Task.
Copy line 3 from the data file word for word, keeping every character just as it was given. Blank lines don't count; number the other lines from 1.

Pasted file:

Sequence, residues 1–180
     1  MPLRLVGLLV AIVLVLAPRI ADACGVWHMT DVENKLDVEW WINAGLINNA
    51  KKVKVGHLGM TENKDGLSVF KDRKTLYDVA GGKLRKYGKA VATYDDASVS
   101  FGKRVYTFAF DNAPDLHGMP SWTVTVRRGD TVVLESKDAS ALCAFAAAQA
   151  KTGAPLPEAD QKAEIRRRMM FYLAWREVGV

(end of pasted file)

    51  KKVKVGHLGM TENKDGLSVF KDRKTLYDVA GGKLRKYGKA VATYDDASVS